[The speaker proceeded to argue that the hired laborer, with his ability to become an employer, must have every precedence over him who labors under the inducement of force. He continued:]
I have taken upon myself in the name of some of you to say, that we expect upon these principles to ultimately beat them. In order to do so, I think we want and must have a national policy in regard to the institution of slavery, that acknowledges and deals with that institution as being wrong.
Whoever desires the prevention of the spread of slavery and the nationalization of that institution, yields all, when he yields to any policy that either recognizes slavery as being right, or as being an indifferent thing. Nothing will make you successful but setting up a policy which shall treat the thing as being wrong. When I say this, I do not mean to say that this general government is charged with the duty of redressing or preventing all the wrongs in the world; but I do think that it is charged with preventing and redressing all wrongs which are wrongs to itself. This government is expressly charged with the duty of providing for the general welfare. We believe that the spreading out and perpetuity of the institution of slavery impairs the general welfare. We believe-nay, we know, that that is the only thing that has ever threatened the perpetuity of the Union itself. The only thing which has ever menaced the destruction of the government under which we live, is this very thing. To repress this thing, we think, is providing for the general welfare. Our friends in Kentucky differ from us. We need not make
our argument for them, but we who think it is wrong in all its relations, or in some of them at least, must decide as to our own actions, and our own course, upon our own judgment.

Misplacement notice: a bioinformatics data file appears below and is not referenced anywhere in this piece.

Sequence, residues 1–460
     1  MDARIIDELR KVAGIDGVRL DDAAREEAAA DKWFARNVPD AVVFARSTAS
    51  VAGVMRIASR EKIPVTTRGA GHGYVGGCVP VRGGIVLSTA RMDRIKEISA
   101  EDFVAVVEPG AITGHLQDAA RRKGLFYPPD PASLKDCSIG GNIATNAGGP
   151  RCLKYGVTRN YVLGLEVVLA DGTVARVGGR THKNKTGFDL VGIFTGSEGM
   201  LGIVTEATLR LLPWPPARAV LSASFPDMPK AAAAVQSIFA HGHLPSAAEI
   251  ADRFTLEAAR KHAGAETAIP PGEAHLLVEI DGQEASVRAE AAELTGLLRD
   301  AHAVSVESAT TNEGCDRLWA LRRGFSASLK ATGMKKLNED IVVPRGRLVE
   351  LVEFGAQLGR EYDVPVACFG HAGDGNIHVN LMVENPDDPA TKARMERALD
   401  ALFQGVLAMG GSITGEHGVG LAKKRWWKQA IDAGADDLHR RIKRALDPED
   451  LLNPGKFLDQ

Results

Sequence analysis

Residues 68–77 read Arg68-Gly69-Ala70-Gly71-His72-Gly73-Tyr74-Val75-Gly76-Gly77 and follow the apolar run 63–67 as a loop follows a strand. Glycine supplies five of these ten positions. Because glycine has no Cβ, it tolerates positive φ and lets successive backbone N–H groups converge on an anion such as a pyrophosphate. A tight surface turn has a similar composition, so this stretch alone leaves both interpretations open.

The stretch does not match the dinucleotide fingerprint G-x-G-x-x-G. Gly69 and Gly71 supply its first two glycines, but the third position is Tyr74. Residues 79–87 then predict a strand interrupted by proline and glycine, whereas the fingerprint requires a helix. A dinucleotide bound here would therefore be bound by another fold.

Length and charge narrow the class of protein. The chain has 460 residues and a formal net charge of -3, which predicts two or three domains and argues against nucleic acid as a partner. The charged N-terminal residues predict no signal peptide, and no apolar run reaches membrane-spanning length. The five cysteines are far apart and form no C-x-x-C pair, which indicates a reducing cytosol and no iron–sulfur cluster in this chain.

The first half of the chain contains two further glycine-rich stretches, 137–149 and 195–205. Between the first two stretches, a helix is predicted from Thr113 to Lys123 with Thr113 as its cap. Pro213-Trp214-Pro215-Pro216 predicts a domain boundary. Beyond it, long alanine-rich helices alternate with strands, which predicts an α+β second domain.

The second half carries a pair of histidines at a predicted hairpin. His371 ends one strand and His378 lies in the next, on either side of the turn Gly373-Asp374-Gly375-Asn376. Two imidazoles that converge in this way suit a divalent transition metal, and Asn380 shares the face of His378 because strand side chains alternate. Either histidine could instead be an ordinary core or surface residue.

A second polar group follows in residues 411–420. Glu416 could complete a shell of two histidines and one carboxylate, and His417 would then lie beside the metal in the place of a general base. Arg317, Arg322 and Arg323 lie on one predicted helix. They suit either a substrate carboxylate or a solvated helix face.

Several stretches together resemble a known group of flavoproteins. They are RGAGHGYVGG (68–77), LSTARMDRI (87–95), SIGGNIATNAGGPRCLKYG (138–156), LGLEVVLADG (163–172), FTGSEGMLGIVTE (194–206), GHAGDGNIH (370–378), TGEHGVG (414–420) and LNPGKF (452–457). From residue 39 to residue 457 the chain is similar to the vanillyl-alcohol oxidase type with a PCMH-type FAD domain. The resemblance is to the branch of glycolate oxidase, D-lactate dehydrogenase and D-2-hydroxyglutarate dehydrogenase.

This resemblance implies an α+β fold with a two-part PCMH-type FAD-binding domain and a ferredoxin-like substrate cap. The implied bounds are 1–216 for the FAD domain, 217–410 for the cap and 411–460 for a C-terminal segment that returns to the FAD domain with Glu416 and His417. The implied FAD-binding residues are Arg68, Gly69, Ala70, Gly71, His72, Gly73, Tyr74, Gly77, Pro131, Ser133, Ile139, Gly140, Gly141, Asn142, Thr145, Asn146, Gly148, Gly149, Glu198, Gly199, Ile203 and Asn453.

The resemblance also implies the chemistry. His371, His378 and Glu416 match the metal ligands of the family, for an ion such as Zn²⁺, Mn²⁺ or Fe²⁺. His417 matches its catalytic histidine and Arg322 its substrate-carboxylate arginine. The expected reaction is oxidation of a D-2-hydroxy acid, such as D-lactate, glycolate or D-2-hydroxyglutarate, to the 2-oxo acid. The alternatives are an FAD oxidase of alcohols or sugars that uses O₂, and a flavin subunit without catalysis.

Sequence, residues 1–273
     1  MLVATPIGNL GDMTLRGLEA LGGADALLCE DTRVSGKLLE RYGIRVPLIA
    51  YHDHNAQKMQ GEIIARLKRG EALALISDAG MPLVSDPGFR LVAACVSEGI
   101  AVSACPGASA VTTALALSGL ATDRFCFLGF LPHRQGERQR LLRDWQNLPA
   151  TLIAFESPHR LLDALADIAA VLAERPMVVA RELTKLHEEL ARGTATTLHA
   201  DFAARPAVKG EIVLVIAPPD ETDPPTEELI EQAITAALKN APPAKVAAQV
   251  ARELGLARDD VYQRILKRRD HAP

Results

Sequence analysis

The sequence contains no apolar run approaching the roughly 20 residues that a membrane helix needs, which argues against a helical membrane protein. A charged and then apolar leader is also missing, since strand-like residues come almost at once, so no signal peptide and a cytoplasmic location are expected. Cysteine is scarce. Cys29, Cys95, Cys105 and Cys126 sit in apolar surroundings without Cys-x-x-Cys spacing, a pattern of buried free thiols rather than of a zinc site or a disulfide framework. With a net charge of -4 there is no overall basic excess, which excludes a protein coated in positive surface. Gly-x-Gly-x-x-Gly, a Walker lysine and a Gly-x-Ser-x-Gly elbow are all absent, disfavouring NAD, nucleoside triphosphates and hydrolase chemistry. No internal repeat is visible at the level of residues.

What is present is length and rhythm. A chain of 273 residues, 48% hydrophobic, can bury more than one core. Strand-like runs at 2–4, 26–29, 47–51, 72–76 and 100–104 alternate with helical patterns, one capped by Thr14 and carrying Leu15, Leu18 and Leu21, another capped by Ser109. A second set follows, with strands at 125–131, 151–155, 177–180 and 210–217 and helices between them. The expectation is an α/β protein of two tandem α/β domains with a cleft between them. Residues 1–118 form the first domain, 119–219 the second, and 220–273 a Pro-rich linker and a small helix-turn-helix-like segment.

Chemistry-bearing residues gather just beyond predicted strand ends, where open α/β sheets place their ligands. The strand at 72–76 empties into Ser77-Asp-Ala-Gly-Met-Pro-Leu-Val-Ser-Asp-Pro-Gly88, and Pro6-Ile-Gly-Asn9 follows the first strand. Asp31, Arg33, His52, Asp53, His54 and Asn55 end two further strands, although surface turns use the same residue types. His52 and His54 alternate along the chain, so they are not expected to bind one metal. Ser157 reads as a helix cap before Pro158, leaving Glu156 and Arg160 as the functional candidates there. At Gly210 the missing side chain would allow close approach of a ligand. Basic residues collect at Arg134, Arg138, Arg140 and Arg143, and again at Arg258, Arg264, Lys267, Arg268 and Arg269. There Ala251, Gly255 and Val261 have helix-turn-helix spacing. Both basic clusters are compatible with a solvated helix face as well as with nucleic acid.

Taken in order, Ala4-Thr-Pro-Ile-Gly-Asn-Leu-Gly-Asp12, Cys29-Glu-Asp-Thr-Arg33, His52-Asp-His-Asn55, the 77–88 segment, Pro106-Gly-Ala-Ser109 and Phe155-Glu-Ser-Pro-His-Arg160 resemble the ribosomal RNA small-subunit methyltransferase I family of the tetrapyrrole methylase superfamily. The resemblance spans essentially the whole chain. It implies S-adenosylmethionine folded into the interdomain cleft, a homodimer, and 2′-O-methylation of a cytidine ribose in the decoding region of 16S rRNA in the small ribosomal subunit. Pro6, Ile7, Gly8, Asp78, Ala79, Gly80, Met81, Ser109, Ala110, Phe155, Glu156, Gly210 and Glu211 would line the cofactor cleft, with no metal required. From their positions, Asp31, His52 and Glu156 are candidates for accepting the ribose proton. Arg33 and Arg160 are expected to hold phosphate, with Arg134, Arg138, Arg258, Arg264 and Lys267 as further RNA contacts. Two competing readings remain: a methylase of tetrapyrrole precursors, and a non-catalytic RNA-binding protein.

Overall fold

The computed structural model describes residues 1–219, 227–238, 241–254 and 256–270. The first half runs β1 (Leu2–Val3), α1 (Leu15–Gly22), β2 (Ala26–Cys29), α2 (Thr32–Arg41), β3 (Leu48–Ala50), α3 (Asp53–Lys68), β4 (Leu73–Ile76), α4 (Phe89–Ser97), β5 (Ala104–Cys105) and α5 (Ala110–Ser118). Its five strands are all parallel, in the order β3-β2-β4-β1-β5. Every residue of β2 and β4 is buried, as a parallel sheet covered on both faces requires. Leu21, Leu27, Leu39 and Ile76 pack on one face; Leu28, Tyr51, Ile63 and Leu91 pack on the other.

I say that we must not interfere with the institution of slavery in the States where it exists, because the Constitution forbids it, and the general welfare does not require us to do so. We must not withhold an efficient fugitive slave law because the Constitution requires us, as I understand it, not to withhold such a law. But we must prevent the out-spreading of the institution, because neither the Constitution nor general welfare requires us to extend it. We must prevent the revival of the African slave-trade, and the enacting by Congress of a territorial slave code. We must prevent each of these things being done by either congresses or courts. The people of these United States are the rightful masters of both congresses and courts, not to overthrow the Constitution, but to overthrow the men who pervert the Constitution.
To do these things we must employ instrumentalities. must hold conventions; we must adopt platforms, if we conform to ordinary custom; we must nominate candidates, and we must carry elections. In all these things, I think that we ought to keep in view our real purpose, and in none do any
thing that stands adverse to our purpose. If we shall adopt a platform that fails to recognize or express our purpose, or elect a man that declares himself inimical to our purpose, we not only take nothing by our success, but we tacitly admit that we act upon no other principle than a desire to have "the loaves and fishes," by which, in the end, our apparent success is really an injury to us.
I know that this is very desirable with me, as with everybody else, that all the elements of the Opposition shall unite in the next Presidential election, and in all future time. I am anxious that that should be, but there are things seriously to be considered in relation to that matter. If the terms can be arranged, I am in favor of the Union. But suppose we shall